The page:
Tag Archives: November 3d

The Explanation

I  no  longer know where  I found  this quote–I neglected to record its origin. It  may have been from  a private exchange, but if not, and if any of you reading this can point me to the source, I’d appreciate  it.

The thing  is, it really explains a  lot:

I looked at the hundreds of people at Trump’s rally tonight, unmasked and older, and almost all so very white, and saw a group of people so afraid of the future they are willing to say yes, willing to throw in their lot with a malignant narcissist because he tells them they can recover a world in which they felt more relevant, a world they control.

A reactionary group of older white men look at a global future in which questions of clean energy, climate change, economic fairness, and human equality are uppermost, and their reaction is to cling to a world they control.

I’ve recently read several commentaries pooh-poohing what their authors  regard as  “over the top” descriptions  of what’s  at stake on  November 3d. I don’t know what reality those authors inhabit, or what histories have informed their opinions, but I firmly believe that anyone who doesn’t see this election as an existential choice is either willfully blind or disastrously uninformed.

Every single day, credible media report on new actions taken by this administration that intentionally undermine the common good. Environmental protections have been eliminated, public schools undermined, the rule of law decimated. Trump’s tweets and rhetoric continually set Americans against each other. Agencies charged with the health and well-being of the population have been subverted, and people have died  unnecessarily as a  result. A lot of people.

In place of the  accountability and communication Americans have a right to expect, we are   inundated daily with lies, manipulated videos, altered quotations–constant disinformation and propaganda.

If Trump was simply incompetent, that would be troubling but not existential. If  he  was simply corrupt, that would  be concerning, but  also not existential. But he and the supine GOP have gone  much further than mere incompetence and corruption.

Traditional aspirations–think “give me your tired, your poor, your huddled masses” have been turned upside-down in favor of an increasingly explicit white nationalism. In the place of  a platform and policies, Trump and the GOP  that is now his reflection simply promote fear–fear of the “other,”  fear of losing white Christian male dominance, fear of social change. In place of efforts to bring us together, they continue to sow discord and encourage political tribalism.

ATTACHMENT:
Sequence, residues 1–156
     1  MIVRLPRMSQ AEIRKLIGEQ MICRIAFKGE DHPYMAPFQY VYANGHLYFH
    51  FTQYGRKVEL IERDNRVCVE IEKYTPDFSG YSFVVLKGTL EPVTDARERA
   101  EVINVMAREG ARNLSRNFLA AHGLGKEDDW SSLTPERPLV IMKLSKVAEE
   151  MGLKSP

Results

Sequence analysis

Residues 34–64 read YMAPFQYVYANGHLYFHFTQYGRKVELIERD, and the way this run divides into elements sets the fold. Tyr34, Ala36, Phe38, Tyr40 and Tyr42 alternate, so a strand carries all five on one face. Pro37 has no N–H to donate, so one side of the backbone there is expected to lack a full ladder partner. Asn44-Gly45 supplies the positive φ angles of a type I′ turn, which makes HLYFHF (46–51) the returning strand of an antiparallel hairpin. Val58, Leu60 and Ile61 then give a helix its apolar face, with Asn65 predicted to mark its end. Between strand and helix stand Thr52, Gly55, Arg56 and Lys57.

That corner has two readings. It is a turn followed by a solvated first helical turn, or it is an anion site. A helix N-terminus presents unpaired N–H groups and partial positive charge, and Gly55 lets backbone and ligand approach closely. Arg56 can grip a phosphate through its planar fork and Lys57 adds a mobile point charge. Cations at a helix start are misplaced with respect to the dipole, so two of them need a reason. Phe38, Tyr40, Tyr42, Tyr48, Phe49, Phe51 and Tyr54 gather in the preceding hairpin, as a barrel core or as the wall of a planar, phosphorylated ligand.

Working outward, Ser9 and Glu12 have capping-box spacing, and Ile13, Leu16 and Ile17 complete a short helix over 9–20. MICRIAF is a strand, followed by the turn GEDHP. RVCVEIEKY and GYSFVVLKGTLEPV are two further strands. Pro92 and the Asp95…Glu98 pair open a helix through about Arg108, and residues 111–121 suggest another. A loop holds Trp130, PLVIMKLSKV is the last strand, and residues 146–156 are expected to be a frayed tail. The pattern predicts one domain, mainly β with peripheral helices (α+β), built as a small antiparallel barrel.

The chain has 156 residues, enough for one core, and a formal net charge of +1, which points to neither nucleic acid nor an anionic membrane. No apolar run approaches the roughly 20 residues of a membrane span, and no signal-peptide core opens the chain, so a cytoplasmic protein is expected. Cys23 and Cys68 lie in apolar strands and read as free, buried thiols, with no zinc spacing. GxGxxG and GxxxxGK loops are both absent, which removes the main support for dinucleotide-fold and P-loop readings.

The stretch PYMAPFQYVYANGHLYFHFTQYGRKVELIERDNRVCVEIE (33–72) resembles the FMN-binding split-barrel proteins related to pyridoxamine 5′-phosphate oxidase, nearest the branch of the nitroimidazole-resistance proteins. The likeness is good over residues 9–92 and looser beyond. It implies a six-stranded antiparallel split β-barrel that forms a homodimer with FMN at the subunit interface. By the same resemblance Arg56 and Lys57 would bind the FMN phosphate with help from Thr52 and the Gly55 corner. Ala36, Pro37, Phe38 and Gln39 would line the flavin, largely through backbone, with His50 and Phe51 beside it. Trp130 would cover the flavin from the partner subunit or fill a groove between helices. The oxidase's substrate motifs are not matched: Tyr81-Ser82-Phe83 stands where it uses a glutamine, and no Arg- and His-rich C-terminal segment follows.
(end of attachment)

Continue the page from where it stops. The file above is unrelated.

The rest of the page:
In the last  few days, Trump has increased  his encouragement of violence and mayhem,  presumably believing  that increased unrest will cause voters to rally to  his  “law and  order”  candidacy.

What keeps me up at night is the possibility that my life-long belief  in the essential goodness  of most Americans–not all,  but most–has been misplaced. What if there  are many more white guys afraid of a future they have to share with women and dark people than I ever thought?

I follow Nate Silvers’ FiveThirtyEight.com, and have  trouble wrapping my head around the polling that shows a steady 40% approval  of the childish buffoon who has commandeered our government. I look at scholarly research showing that “racial  anxiety”–i.e., racism–is the single most  reliable  predictor of support for Trump and his GOP. I see  comments on Facebook  by presumably reasonable people endorsing  bizarre conspiracy theories and patently obvious untruths.

And I’m terrified. When I wake up on November 4th, I want to breathe a  sigh of relief because the people I believed in have gone to  the polls and put an end to our four-year American nightmare.

What  if I’ve been wrong all these years? What if  it can  happen  here?